Rotation and Moving in Circles

Here we introduce the concepts necessary to describe the motion of rotating bodies, whether spinning around their own center or moving in circles around a third point. We will use angles to measure the orientation of a body, and use angular velocity, i.e. the rate of change of that angle, as a way to describe the rotatational motion.

Imagine you are getting on a merry-go-round. Out of the many colorful options, you choose to ride your favorite horse on the outer row. The operator starts the ride, and you begin traveling around under flashing lights and bright mirrors. Now what would have been physically different about this ride had you chosen a different horse? You’ll be able to answer this by the end of the lesson!

When learning about rotation, try to connect these concepts to the experince of riding a merry-go-round. image credit Pikrepo

This lesson will focus on understanding the many things around us that rotate. Whether it’s a frisbee, a tire wheel, a dancer, or even yourself on an amusement park ride, rotation is all around us. When objects move in straight lines, we call this linear motion. In previous lessons, we’ve discussed how to describe linear motion. How about rotational motion? What tools do we have to explain this motion?

If you aren’t already familiar with the concepts of displacement, velocity, and acceleration, we recommend first reading our vectors and motion lesson lesson.

Angular Displacement

When dealing with circular motion or rotation (for instance, for a ball on a string or a horse on a merry-go-round), it is useful to describe position using an angle (denoted as \(\theta\), pronounced ‘theta’). The change between the original angle of the ball and its final angle is typically specified as the change in \(\theta\) (or \(\Delta \theta\)) and is known as angular displacement. Displacement is a useful term to describe an object’s change in position and can be defined as an angle (angular displacement) or distance (linear displacement). This concept is easier to understand through diagrams. In the image below you can see how linear displacement and angular displacement are related to each other.

This picture shows the difference between angular displacement (\(\theta\)) and linear displacement.
Two movements can have the same angular displacement but different linear displacements.

Angular Velocity

To describe the motion of a ball as it is spun around on a string or how fast a dancer spins, we use something called angular velocity. Usually when we think of velocity, we are thinking of linear velocityThis type of velocity is sometimes also called translational velocity. defined as the change in position (displacement) during a specified interval of time. Angular velocity is very similar, but it is instead defined as the change in angle over time. While angular velocity and linear velocity are related they are not the same. For instance, take our ball, if we change the length of the string, we can keep our angular velocity the same, but the linear velocity will be different. You can experiment below with how changing the length of the string changes the angular and linear velocity using the interactive animation below.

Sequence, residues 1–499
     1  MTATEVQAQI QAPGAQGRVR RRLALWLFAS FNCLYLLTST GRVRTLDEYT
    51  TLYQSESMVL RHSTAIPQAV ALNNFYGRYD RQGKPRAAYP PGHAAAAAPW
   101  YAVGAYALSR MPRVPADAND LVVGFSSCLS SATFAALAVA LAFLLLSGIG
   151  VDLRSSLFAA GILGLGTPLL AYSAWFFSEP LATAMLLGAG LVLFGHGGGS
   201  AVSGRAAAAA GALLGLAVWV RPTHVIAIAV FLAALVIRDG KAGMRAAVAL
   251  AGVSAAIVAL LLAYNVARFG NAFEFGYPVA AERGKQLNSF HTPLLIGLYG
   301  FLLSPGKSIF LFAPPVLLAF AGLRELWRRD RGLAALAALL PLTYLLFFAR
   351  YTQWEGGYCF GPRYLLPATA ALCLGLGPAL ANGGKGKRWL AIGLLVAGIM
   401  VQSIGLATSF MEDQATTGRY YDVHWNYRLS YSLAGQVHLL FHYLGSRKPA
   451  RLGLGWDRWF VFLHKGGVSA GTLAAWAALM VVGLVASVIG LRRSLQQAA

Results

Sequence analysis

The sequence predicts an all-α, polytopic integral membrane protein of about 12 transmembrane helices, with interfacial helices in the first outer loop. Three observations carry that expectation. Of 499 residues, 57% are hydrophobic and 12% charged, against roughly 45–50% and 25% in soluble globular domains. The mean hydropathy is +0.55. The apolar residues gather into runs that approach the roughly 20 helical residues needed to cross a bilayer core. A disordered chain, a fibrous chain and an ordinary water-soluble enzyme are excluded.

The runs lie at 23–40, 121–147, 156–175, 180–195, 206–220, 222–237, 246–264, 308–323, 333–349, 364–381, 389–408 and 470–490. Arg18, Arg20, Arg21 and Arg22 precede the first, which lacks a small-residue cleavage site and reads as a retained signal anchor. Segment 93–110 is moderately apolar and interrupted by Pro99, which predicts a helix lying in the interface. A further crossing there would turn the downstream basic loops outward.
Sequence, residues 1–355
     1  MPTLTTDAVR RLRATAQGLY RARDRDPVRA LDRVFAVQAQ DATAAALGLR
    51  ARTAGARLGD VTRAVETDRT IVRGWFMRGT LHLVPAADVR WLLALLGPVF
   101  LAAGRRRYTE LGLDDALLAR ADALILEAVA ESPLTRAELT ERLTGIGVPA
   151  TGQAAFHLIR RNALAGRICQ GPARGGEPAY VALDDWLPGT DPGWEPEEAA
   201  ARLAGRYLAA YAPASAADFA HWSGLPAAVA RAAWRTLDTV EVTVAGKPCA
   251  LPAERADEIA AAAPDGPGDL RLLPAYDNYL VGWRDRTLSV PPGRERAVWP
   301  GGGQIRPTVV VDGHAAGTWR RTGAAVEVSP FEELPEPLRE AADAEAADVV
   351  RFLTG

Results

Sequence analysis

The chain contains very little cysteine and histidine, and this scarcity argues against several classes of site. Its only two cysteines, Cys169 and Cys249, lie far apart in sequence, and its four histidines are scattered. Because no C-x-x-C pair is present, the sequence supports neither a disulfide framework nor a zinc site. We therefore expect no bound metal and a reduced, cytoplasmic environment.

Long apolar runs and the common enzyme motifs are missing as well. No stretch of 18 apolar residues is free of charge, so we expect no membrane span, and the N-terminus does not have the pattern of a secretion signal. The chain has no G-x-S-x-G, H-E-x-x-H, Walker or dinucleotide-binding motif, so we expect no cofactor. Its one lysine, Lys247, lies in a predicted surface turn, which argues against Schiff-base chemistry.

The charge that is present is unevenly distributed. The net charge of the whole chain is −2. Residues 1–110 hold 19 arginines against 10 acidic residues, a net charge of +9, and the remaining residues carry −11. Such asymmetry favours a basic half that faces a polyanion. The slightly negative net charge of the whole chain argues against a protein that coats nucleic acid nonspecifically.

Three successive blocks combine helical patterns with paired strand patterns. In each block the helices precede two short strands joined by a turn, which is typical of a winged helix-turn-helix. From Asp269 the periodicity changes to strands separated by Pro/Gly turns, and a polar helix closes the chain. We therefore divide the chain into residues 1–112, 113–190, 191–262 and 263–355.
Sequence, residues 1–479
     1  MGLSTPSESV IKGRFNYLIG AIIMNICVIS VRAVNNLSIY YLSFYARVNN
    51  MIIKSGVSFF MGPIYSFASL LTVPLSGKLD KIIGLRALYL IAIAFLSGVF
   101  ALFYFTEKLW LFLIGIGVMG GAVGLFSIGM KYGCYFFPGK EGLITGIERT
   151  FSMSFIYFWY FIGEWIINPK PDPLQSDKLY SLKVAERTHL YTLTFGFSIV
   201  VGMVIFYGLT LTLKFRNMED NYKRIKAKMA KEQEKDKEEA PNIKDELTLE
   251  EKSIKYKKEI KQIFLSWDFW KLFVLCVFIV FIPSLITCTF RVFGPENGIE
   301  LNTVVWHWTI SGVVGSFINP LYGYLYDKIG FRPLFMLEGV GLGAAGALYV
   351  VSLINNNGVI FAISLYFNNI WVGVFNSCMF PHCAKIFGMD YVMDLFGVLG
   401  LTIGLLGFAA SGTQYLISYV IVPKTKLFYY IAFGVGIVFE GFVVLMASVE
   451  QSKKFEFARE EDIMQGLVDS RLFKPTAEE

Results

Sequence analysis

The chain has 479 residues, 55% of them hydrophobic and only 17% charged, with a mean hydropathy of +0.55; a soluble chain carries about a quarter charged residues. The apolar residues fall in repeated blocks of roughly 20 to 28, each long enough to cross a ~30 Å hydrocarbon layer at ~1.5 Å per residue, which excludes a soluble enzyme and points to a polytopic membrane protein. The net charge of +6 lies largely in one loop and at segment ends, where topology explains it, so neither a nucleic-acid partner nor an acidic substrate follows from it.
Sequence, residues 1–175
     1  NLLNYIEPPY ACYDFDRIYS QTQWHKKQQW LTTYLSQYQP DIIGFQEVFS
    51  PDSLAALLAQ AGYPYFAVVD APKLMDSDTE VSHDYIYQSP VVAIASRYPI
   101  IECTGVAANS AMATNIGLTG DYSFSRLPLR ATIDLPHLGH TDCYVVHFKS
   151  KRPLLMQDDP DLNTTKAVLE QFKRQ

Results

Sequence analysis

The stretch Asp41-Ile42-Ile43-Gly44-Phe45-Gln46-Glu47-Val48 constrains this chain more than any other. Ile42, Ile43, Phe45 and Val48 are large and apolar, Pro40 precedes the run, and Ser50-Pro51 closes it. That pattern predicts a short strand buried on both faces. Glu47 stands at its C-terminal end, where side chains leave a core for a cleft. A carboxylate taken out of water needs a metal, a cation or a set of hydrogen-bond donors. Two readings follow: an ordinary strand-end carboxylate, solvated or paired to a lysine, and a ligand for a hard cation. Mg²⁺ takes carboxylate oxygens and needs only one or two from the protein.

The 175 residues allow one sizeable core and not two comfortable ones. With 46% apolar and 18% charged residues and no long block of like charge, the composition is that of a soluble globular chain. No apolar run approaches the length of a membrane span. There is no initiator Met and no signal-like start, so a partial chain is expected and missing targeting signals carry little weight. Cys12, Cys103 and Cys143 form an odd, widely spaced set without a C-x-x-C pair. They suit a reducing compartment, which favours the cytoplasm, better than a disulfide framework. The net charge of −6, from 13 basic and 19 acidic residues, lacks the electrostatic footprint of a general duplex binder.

Radius: pixels

Linear velocity: pixels per second
Angular velocity: degrees per second

Did you notice how as you made the radius larger, the linear velocity increased but the angular velocity stayed the same? In this example, we have chosen to keep the angular velocity the same, no matter the radius. Because the ball has to travel farther with a larger radius, the ball has to move faster to complete a full circle in the same amount of time. Every time we increase the radius, the linear velocity has to increase to keep the angular velocity the same.

The SpinWheel has sensors capable of detecting angular velocity. You can learn how to use these sensors to create motion sensitive animations in our Dancing with Color adventure.

Angular Acceleration

To describe the change in velocity of an object, scientists use a concept called acceleration. For instance, if you roll a ball down down a ramp, it will pick up speed as it goes. This acceleration will change depending on the tilt of the ramp. If it is steeper, it will pick up speed more quickly and has a higher acceleration. In a similar way, you can use angular acceleration to describe the rate of change of angular velocity.

To help understand better the idea of angular acceleration, we have two animations below. On the left, the ball on a string is spinning at a constant angular velocity. As its angular velocity is not changing, the angular acceleration is zero. However, on the right, you can see that the ball’s angular velocity changes. First, the angular acceleration is positive, leading to the angular velocity to steadily increase. Then, the angular acceleration is negative, causing the angular velocity to steadily decrease.

Polar Coordinates

In the vectors and kinematics lesson, we introduced the idea of coordinates, which describe a point in space. In that lesson, we used something called ‘Cartesian coordinates.’ If we think of a line connecting the origin to a point, Cartesian coordinates provide the x and y position \((x, y)\). This is very useful for describing straight lines and many mathematical functions, such as those we created in the Animations and Patterns adventure. In other cases, something called polar coordinates can be more useful. Polar coordinates define points in space differently. Rather than giving the x and y position, they specify points as their position on a circle. The two polar coordinates describes the radius of the circle (\(r\)) and its position around the circle, which is measured as the angle \(\theta\). Instead of reporting coordinates as \((x, y)\), polar coordinates are reported as \((r, \theta)\). This is easier to describe using a visual. In this image, we can see how the same point in space can be described using either Cartesian or polar coordinates.